Supply Chain Resiliency


How to cope with Disruptions



By Prof. Dr. M.F. HARAKE

MEGS – Management & Engineering Graduate School


Today, more than ever, our world is facing supply chain constraints that threaten the basics of current market dynamic on all levels and in every economic field. From economic sanctions limiting commercial trade, the COVID-19 crisis, post-pandemic economic stagnation, the ongoing conflict in the Ukraine, the global chip shortage, as well as the effects of the current Israeli-Palestinian war and its impact on freight transportation in the Red Sea have all exposed the vulnerability of today’s global supply chains. The purpose of this paper is to review how supply chain must be designed to ensure their flow and deliverables in complex, uncertain, and ever-changing environment. The paper will study how supply chains must be resilient by addressing current challenges through agility to meet both socio-economic and political volatilities, and sustainable through their transition to socio-ecological compliant economies.

Key Words:     Supply Chain; Resilience; Crisis Management; Agility; Sustainability

  1. Introduction
  • Past-Times Mentality

In either periods of capitalist economic growth or stagnation, experts have usually measured the success of any commercial operation by how far a manager was able to drive down costs and drive-up efficiency and productivity (an approach that soon paved the way to Lean Management). Waste management in general and the Just-in-Time (JIT) approach in particular became a cornerstone of commercial validation, delivery precision, and operational success (Geda et al., 2020; Chintapalli & Vakharia, 2023). Within this approach, both goods and services arrived when needed, wastes were eliminated, and costs were decreased.

  • From Global Crises to Turning Points

Since 2020, several crises took place which disrupted the commercial supply chain status quo and questioned its operational practices and paradigms. The COVID-19 pandemic, followed by the Russian invasion of the Ukraine, the global chip shortage, as well as the effects of the current Israeli-Palestinian war and its impact on freight transportation in the Red Sea – have set two new supply chains facts: (1) uncertainty is now a new status quo; and (2) resilience is a condition (pre-requisite) for operations continuity. Indeed, the time has come to change business orientations when it comes to supply chain management – where managers’ attention must be equally oriented towards attaining both efficiency and resilience in any supply chain operation. In other words, supply chain operations must take into account the Just-In-Time (JIT) principle as well as supply chain contingency from a Business Continuity perspective. Hence, JIT, waste management, and other principles must be rethought as shortages as well as possible trade-offs are essential elements to consider. Thus, supply chain resiliency must:

  • Encompass being able to quickly and appropriately adjust to disruptions (agility), while preserving efficiencies as much as possible;
  • Adapt to structural changes by modifying supply chain strategies, operations, and technologies;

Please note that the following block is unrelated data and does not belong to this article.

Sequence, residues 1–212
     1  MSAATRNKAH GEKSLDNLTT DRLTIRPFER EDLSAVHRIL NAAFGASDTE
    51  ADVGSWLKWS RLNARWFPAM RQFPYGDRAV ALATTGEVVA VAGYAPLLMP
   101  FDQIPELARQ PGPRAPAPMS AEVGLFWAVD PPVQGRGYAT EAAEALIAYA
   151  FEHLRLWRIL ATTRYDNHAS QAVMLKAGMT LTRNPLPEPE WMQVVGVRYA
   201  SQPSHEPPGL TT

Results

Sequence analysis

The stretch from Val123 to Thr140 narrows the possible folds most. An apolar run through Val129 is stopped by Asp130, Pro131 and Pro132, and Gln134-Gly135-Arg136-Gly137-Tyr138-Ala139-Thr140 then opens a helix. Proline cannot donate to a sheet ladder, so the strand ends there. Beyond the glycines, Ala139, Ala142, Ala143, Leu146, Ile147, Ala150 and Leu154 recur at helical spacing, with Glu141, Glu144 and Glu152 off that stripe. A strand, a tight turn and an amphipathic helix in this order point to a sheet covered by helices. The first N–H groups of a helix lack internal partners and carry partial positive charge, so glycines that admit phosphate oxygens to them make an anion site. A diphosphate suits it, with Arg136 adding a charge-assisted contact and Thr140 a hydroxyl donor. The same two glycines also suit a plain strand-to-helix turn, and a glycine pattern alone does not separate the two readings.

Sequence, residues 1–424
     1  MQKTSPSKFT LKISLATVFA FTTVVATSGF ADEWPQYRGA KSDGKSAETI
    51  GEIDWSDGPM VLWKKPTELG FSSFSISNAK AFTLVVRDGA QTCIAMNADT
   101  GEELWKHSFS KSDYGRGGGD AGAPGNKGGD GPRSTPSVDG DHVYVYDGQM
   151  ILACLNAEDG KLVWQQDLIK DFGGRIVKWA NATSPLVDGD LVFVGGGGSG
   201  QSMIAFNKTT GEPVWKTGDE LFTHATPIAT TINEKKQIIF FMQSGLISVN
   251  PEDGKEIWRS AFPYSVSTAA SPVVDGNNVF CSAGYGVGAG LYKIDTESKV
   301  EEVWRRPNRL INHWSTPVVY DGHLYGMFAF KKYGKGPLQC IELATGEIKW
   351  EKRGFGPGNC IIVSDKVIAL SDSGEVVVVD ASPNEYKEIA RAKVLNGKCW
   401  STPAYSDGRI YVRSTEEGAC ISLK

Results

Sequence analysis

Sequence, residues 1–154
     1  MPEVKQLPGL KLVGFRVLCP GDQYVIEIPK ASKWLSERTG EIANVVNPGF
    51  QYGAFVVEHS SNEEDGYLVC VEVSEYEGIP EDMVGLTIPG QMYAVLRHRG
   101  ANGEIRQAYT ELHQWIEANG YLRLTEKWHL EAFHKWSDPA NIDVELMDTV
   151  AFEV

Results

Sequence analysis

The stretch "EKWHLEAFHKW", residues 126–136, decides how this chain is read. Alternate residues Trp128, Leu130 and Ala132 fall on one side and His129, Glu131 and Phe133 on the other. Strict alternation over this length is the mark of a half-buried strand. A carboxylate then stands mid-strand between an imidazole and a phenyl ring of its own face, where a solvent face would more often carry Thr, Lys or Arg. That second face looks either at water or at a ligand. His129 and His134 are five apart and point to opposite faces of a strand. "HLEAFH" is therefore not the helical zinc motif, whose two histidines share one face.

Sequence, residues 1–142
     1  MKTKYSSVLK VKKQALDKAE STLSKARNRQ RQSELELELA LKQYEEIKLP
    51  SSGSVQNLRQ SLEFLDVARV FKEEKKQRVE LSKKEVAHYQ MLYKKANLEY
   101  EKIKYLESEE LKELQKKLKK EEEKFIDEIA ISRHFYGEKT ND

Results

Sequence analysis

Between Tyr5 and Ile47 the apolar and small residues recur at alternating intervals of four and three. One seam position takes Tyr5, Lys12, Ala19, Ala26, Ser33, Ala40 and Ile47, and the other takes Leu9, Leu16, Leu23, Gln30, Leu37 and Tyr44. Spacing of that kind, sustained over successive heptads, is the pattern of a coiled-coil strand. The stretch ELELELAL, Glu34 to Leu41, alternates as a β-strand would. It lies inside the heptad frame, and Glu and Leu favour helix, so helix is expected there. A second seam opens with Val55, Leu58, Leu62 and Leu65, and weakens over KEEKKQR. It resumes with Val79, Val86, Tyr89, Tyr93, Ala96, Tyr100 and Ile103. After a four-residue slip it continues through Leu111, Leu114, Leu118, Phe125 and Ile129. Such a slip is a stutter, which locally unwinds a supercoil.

• Prospect and anticipate changes in demand while taking into account several essential supply chain elements (e.g. inventory, cost, flows, tracks, transportation means, etc.) and respond without sacrificing neither cost nor quality.
  • The Aim of this Paper

Based on the above, the aim of this paper is to focus on supply chain resiliency while reflecting on the ways that can minimize the tradeoff between JIT and planning for unexpected uncertainties as well as unpredictable and uncontrollable events. In this paper, we will try to study the essential elements that constitutes the dynamic of supply chain resiliency including its frameworks by expanding and enhancing their ecosystems and relationships, while maintaining a focus on efficiency and meeting clientele’s expectations. By understanding an organizations’ options, making calculated data-driven decisions, and maintaining communication with customers as well as other implicated stakeholders, it is possible to obtain the right balance for one’s business.


To read entire paper, click here

How to cite this paper: Harake, M. F. (2024). Supply Chain Resiliency: How to cope with Disruptions. PM World Journal, Vol. XIII, Issue II, February. Available online at https://pmworldlibrary.net/wp-content/uploads/2024/02/pmwj138-Feb2024-Harake-Supply-chain-resilience.pdf

About the Author

Prof. Dr. M. F. HARAKE (DBA, PhD)

Poitiers, France


Prof. Dr. M. F. HARAKE (DBA, PhD) is a management Professor based in France. He is currently the Director of International Academic Affairs of GIP CEI (a French Higher Education and Research Institution). He is also the Doctorate in Business Administration (DBA) program manager of MEGS – Management & Engineering Graduate School (Paris – France) and the scientific director of the MBA DELIVERWEB at ALTERNIS Business School (Bordeaux – France). He previously served as a visiting professor at ESCE International Business School (Paris – France), Paris School of Business (Paris – France), Ascencia Business School (Paris – France), ESPRIT Business School (Tunis – Tunisia), GBSB Global Business School (Barcelona – Spain), etc.

Dr. M.F. HARAKE is a research fellow and former board member of the CEREGE Research Laboratory (University of Poitiers – France), and a visiting research fellow at CABMR Research Center (Paris – France). He is also an Honorary Academic Advisor and Research Scholar at the Project Management World Library (Austin / Texas – USA). He previously served as the Director of the CREFEGE Research Center (Paris – France). His research interests include Post-Conflict Public Management, Crisis and Urgent Operations Management, Humanitarian Logistics, and Project Management in Unstable Environments.  He can be contacted at mharake@gip-cei.com